# Simplest possible circuit for charging a li-ion cell

I want to create an ad-hoc single cell li-ion charger. I have a buck step-down that can supply 4.2 volts. If I connect a 1 ohm resistor in series with the lithium cell, the current should go down to 0 when the battery is also at 4.2 volts. A 1 ohm resistor should supply a maximum of 500 mA when the battery is at 3.7 volts.

The battery has protection. Will this be safe? Do I really need that tiny resistor?

Forgot to add: 500 mA is well within the charging capability of the battery 1C (2200 mAh)

Also, I am aware that this will not fully charge the battery, since I am sort of skipping the constant voltage phase.

• The "simplest possible circuit" is not to be recommended for dealing with Li type batteries. There is a reason that specialized chips and modules have been developed for charging Li types of batteries. I strongly suggest that you use one of them and stop trying to hack out a solution like you have suggested. May 12 '14 at 15:17
• Well, I am working in a safe environment with this and don't really care about that for this project. Also, ordering one will take a month where I am living. May 12 '14 at 15:21
• Then I would say that you are entirely on your own. Li type batteries can be very dangerous if not handled correctly. At least you've heard it from me. If you are in a remote region all the more reason to exercise caution with life and limb. May 12 '14 at 15:28
• So, you're basically saying that I can experience a fast powerful explosion (and risk life and limbs) if I hook one battery (with its protection circuits) up to a 4.2 volt source? May 12 '14 at 15:36
• @frodeborli batteryuniversity.com - please read through that web site. May 12 '14 at 15:44

If you really want to charge battery from time to time - charging with resistor and constant voltage 4.2V or less will work and battery will not blow up if you choose proper resistor. You have to use resistor to limit current.

If you build circuit like this - keep in mind that charging current will be higher when battery is closer to empty state. When battery is closer to empty state - it heats up more, because internal resistance is higher. So - less charge in battery - more current, more power, more heat. When battery is empty - is not ready for fast charging.

When your battery is ready to be charged with high current - your circuit will feed it with with very low current. Everything upside down. Charging thru resistor from 4.1-4.2V constant voltage is most inefficient way to utilise Li-Ion battery.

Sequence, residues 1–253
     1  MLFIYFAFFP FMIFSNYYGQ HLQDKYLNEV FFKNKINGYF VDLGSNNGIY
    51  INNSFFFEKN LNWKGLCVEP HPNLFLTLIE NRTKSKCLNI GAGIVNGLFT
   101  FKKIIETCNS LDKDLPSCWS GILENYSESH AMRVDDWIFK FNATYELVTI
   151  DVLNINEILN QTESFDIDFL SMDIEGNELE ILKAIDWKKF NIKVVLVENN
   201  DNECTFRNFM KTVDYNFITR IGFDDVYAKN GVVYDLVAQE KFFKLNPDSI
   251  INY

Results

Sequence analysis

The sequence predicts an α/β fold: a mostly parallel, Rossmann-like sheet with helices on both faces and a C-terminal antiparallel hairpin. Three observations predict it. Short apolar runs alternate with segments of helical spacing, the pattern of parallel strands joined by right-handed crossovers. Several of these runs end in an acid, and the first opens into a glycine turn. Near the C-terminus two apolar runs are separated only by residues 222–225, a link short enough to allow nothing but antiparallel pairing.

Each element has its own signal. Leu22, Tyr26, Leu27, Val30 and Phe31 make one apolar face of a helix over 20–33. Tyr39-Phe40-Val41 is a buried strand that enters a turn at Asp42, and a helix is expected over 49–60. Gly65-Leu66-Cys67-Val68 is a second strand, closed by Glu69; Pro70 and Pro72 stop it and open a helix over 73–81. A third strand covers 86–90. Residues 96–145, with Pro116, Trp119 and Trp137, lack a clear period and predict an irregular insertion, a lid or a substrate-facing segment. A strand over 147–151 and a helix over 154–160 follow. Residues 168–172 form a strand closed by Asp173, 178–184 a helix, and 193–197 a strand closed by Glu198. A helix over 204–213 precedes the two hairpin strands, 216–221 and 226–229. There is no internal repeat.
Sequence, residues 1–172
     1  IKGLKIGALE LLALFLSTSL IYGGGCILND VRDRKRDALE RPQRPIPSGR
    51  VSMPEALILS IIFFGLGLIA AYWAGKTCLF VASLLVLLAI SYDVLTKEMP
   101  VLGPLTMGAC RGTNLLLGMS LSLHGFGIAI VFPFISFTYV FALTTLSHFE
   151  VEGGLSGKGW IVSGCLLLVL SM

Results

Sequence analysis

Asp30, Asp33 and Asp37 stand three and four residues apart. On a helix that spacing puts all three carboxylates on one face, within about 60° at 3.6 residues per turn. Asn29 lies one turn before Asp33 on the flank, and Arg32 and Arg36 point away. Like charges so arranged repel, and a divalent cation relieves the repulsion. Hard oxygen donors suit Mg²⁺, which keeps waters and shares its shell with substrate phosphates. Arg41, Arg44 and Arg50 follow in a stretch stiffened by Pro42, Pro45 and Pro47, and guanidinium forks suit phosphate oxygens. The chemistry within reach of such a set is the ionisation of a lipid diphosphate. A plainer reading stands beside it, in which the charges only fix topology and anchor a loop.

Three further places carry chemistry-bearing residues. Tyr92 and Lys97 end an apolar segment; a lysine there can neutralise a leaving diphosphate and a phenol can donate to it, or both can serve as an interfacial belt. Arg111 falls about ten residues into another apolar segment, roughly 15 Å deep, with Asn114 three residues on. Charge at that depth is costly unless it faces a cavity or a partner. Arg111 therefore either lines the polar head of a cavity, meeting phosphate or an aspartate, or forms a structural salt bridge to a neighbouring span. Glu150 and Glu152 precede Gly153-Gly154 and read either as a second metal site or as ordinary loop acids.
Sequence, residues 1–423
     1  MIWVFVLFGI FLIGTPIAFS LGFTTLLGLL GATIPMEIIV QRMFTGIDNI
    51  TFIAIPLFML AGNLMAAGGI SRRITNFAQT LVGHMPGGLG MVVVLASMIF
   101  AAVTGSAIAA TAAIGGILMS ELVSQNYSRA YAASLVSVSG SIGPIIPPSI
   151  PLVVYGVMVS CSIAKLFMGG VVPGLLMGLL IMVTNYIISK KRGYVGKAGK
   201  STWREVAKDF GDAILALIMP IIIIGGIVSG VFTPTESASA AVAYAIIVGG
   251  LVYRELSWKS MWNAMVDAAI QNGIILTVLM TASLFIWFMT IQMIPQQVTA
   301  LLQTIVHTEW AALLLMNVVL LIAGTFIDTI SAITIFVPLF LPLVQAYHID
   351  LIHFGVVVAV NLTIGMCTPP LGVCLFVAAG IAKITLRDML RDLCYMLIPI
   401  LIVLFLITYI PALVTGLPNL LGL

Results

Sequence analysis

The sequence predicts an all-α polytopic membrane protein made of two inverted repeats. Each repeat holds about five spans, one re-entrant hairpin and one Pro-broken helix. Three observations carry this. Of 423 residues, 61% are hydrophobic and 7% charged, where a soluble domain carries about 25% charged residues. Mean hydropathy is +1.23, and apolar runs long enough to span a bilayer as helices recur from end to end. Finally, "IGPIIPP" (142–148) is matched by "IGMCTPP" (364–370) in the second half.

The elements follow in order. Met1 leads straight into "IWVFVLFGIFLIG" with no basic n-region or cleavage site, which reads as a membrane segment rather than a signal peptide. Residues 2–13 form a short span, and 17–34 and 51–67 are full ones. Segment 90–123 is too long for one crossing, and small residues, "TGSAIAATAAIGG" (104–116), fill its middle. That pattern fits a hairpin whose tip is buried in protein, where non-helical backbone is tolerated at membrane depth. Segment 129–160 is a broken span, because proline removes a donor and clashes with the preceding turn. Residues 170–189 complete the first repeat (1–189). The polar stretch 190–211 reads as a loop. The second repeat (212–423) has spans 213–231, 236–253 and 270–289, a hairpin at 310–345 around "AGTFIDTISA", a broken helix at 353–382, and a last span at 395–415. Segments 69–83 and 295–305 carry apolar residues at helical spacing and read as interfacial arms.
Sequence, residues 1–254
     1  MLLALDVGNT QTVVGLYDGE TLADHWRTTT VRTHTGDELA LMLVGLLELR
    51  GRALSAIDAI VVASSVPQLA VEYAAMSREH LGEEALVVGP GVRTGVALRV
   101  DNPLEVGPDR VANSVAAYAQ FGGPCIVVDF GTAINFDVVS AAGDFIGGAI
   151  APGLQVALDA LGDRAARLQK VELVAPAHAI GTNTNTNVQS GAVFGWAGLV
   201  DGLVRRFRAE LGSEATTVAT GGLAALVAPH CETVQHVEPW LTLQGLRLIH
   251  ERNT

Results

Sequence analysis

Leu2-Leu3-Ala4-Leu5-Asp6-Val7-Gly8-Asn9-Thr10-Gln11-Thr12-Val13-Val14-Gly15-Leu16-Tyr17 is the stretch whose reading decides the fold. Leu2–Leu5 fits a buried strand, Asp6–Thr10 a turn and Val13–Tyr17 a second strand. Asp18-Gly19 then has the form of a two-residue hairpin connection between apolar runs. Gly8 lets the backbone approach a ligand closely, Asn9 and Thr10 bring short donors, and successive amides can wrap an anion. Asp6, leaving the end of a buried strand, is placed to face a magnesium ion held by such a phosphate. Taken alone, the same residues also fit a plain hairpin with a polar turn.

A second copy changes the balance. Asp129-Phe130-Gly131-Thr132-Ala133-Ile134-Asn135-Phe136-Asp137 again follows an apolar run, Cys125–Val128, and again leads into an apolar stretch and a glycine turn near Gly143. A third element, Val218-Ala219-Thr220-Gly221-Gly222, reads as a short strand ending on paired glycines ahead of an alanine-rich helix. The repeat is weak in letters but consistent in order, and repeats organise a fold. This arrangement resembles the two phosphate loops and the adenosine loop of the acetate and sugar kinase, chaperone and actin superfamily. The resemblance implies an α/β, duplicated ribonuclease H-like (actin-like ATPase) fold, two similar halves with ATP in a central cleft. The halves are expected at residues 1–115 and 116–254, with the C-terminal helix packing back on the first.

Thats why there are specialised IC's and CC/CV charging methods. To charge it in efficient way. Many people think, that all Li-Ion need special special care, complicated chargers, advanced alghoritms etc. It's just about being sure that voltage never goes outside 3.2-4.2V range and heat produced on battery internal resistance.

Battery is rated for 1C (2200mA)? Sure, but if you read battery manual carefully you may find something like "you can't charge empty battery with 1C because it will overheat and you should monitor temperature".

Current source based on LM317 and one resistor would be much better.

If you need serious charger with very low cost and/or if you have no time - build something like this:

Image source: MCP-73831 datasheet.

MCP-73831 is one of many cheap integrated Li-Ion chargers available on the market. SOT-23 package, cost: < 1USD.

• thank you for a very "to the point" answer. Just a extra question: If I set input voltage to say 4.5 volts, but stop charging before the battery reaches 4.2 volts, would that be bad? I have a feeling a proper CC charger actually regulates the voltage down to just above the battery voltage to maintain a constant current. But with a resistor, constant current can only be achieved by having a constant potential between source and battery. May 13 '14 at 8:10
• It's just about keeping voltage below 4.2V. Doesn't matter if you do it manually or circuit will do that. However - if you accidently put more than 4.2V on battery - irreversible chemical reaction will happen inside battery will loose capacity permanently. May 13 '14 at 8:16
• You also have to be sure, if voltage is ALWAYS below 4.2V and you have no ripple above that voltage. You can have 4.0V reading on multimeter, but in fact - there may be ripple from 3.5V to 4.5V and battery will be damaged. May 13 '14 at 8:22
• You're right. Without a calibrated voltage, I'll have a big problem doing this. May 13 '14 at 11:27
• I meant that, if voltage is not constant and there are spikes from converter - you be not able to see this on multimeter. May 13 '14 at 12:41

I've been using this for quite a while and it works. I charge pairs of two Li-Ion cells in parallel with it.

Source: Electronics DIY

A major disadvantage is the large heatsink required by LM317. Mine is 10 by 10 cm and still gets quite hot. Instead of R1 - R2 I used single 2.2 ohm / 5 W resistor (that's what I had).

• Thats waaay more complicated than using Li-Ion charger IC. May 12 '14 at 18:02
• MCP73831 is pretty popular and cost is similar to LM317. May 12 '14 at 18:54
• @Kamil The OP has indicated that it is difficult to order specialized parts where he/she lives. I don't see anything wrong with suggesting a solution that uses more readily available components. In your own answer you suggested something like this, so why not let this answer stand on its own merits? May 12 '14 at 19:45
• I know what you mean, but Microchip distribution network is pretty good. If I can buy that part in Poland and price here is equivalent to 0.5EUR - it should be available anywhere. It may be harder only in south part of Africa :) May 12 '14 at 19:54